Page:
Some tips if you’re new to writing radio plays
Radio gives you the chance to be anywhere without needing to build a stage set. People often think a radio play is restricted in where it can be set because of the lack of visuals, whereas it’s actually the opposite. Audio plays can be as big and bold as your imagination, so why limit yourself to what you could do on a stage when constraints of staging, set and scene changes need not apply.
Think about sounds. Good radio plays are not just great dialogue. In the absence of visuals, it’s the sounds that create the setting, so be imaginative and remember that sounds can be more than ‘door creaks’ and ‘there is a knock’. Sound can help you set a scene or announce a character’s arrival (but don’t get too carried away!).
As well as location, time also isn’t a problem. You can switch between past, present and future, have flashbacks and fast forward, but don’t do it too often – particularly in 5 to 10 minute plays – as you can get a bit too clever and confuse the listeners. Remember that everything has to be conveyed either by sound or by narration. If you take an audience to too many places that they can’t see, they may forget where they are. And if you don’t mark the change of setting with sounds or dialogue the audience won’t know that they’ve moved and may not know where they are to begin with.
Have a few voices, but not too many. Remember that people can’t see the actors so if they’re not speaking it’s easy to forget they’re there. Don’t make the listener have to think too long about who the character is if they reappear in the play.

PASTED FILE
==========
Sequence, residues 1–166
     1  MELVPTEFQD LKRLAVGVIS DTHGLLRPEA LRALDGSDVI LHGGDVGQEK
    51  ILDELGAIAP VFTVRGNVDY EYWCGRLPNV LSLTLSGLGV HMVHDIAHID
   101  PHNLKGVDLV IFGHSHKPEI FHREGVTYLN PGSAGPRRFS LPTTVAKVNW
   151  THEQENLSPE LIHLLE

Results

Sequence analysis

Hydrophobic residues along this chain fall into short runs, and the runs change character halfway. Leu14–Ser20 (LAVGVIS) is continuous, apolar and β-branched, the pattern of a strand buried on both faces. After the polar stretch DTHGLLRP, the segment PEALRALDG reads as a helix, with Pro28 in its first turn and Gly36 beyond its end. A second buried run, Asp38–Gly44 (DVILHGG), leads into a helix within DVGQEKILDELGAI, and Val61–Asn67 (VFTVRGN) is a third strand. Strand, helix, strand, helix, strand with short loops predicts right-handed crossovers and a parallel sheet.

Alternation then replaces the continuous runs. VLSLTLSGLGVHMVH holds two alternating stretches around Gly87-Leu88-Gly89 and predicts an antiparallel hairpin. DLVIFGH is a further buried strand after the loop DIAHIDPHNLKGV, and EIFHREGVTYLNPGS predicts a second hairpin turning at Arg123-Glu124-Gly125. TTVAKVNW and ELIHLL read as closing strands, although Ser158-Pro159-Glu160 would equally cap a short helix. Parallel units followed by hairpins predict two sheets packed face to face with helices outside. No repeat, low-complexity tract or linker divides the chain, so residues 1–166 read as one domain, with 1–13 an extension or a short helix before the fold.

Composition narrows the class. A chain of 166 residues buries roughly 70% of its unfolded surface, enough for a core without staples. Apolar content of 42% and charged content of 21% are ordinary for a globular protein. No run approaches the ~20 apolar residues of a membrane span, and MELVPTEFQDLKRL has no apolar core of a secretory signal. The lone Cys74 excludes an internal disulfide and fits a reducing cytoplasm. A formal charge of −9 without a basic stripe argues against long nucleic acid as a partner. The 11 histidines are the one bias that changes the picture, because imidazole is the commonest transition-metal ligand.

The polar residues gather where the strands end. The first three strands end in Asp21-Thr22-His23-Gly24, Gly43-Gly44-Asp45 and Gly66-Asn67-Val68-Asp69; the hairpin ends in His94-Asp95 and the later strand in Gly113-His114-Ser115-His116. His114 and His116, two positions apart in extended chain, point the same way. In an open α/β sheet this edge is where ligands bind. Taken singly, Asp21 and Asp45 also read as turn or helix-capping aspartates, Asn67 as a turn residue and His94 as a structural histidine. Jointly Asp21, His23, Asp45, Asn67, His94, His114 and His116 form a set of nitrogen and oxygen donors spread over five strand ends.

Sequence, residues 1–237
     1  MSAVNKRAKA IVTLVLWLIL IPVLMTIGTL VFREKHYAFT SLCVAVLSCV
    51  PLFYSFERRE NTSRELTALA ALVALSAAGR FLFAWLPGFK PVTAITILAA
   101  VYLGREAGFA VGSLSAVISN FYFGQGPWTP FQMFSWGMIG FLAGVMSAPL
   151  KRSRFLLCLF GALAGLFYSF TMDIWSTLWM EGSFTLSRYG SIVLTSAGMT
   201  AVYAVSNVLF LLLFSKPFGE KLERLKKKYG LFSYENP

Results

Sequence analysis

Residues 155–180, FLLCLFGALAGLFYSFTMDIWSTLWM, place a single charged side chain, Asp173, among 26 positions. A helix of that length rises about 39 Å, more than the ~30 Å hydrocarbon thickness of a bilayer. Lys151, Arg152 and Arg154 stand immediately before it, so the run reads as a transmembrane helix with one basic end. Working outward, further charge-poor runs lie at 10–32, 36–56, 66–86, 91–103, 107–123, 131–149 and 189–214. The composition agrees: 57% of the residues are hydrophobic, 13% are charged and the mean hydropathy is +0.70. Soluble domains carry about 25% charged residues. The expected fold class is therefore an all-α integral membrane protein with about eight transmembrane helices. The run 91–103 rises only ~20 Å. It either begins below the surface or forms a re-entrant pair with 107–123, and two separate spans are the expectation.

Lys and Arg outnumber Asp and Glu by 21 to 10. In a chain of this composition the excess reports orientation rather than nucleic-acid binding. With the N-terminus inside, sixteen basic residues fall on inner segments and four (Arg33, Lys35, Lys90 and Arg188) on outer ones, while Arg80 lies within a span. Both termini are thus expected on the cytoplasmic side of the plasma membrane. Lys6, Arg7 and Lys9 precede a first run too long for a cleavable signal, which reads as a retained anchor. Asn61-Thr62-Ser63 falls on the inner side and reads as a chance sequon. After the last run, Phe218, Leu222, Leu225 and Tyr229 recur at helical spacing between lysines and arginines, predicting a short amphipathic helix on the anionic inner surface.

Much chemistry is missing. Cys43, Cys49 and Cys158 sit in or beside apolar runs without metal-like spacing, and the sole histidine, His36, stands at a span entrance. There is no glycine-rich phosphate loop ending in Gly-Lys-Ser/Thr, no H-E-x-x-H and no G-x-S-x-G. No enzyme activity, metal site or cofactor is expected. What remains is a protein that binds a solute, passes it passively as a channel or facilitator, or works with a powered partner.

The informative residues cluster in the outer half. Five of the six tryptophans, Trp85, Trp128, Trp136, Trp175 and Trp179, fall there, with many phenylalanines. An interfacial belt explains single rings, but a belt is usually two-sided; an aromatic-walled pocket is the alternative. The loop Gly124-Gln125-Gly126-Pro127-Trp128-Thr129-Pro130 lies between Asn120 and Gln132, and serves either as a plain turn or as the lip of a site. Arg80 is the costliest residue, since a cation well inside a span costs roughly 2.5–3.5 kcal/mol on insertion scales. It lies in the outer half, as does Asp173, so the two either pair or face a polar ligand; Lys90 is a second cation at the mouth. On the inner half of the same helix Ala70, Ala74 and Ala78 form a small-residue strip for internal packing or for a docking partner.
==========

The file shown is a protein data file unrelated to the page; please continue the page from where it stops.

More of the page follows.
A monologue may not always be a good idea. Even if a person isn’t moving, a good monologue on stage or film always has a visual element which means the character holds our attention. A monologue on radio has to work so much harder to keep us listening right till the end. It can be done, but…
All scripts benefit from reading out loud by the writer or better still with other readers too. Listen to what it sounds like. Really listen. Because it will demonstrate where you need to cut, expand on a point, or where the meaning isn’t quite clear. Writing is rewriting, and that’s just as true for a very short play.
And finally, our advice to anyone thinking of writing a radio play is to listen to some of them first. You shouldn’t write a book if you’ve never read one, and the same applies to radio plays – they are not stage plays without pictures, they are a genre in themselves.
For more advice and tips on how to write a radio play, click here